Now comes the Defendant, «defendant», by and through undersigned counsel, and respectfully moves this Court, pursuant to Ohio Crim.R.12(C)(3), for an oral hearing and an order suppressing any and all evidence which the state may seek to introduce at trial in the above captioned matter on the grounds that said evidence is the fruit of an unconstitutional search and seizure in violation of the rights guaranteed by the Fourth and Fourteenth Amendments to the United States Constitution and Article 1, Section 14 of the Ohio Constitution. A memorandum in support is attached.
The Fourth Amendment to the United States Constitution made applicable to the States by the Fourteenth Amendment states:
the right of the people to be secure in their persons, houses, papers and effects against unreasonable searches and seizures, shall not be violated and no warrants shall issue but upon probable cause, supported by oath, or affirmation, and particularly describing the person or thing to be seized.
Article I, Section 14 of the Ohio Constitution grants citizens identical protections.
The warrantless investigatory stop is a narrowly drawn exception to the probable-cause requirement of the Fourth Amendment. United States v. Sharpe, 470 U.S. 675, 105 S.Ct. 1568, 84 L.Ed.2d 605 (1985). A police officer may perform an investigatory detention without running afoul of the Fourth Amendment only when the officer has reasonable, articulable suspicion of criminal activity. Terry v. Ohio, 392 U.S. 1, 88 S.Ct. 1868 (1968). Mere hunches by the police will not give rise to reasonable suspicion. Id.
The exclusionary rule, a judicially created doctrine, prevents the police who have acquired evidence as a result of a Fourth Amendment violation from submitting this tainted and illegally seized evidence in a court of law. Mapp v. Ohio, 367 U.S. 643, 655, 81 S. Ct. 1684; 6 L. Ed. 2d 1081 (1961). The main purpose of the exclusionary rule is to deter government officials from benefiting from the violation of an individual’s Fourth Amendment rights. Id. at 655-56.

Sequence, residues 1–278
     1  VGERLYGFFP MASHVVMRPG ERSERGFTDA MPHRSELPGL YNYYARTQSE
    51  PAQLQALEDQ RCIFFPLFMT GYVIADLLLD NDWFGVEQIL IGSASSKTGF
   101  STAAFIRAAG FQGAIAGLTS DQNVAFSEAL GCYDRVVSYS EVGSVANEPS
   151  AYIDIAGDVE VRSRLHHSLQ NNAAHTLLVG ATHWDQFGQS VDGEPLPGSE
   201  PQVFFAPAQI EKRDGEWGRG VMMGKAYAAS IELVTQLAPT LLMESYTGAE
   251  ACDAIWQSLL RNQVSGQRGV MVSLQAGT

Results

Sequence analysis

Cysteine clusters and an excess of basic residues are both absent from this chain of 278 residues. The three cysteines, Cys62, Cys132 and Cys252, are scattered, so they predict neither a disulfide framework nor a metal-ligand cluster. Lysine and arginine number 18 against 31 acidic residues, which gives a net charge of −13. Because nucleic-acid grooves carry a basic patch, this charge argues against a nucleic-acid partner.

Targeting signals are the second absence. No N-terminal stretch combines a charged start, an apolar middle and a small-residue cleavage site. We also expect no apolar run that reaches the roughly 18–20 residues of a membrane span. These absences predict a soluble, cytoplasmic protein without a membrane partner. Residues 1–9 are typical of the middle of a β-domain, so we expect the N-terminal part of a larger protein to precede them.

The effect of the Fourth Amendment exclusionary rule is to exclude not only evidence seized pursuant to a Fourth Amendment violation, but also to exclude all derivative evidence obtained as a result of that particular Fourth Amendment violation. Wong Sun v. United States, 371 U.S. 471, 484, 83 S. Ct. 407; 9 L. Ed. 2d 441 (1962). Evidence is also inadmissible under the exclusionary rule if the evidence is derived from information acquired in an illegal search and seizure. Id. at 487-88.
Here, the police lacked a reasonable articulable suspicion to make an investigatory stop of «lastname». «lastname» was detained solely for the purpose of determining «pronoun» identity. Because the police lacked probable cause and reasonable suspicion, any subsequent determination that an open warrant existed, and search of «pronoun» person incident to arrest on the open warrant were fruits of the unconstitutional detention. Accordingly, Defendant respectfully requests the Court to suppress the evidence in the above captioned case that he possessed __________ at the time of his detention.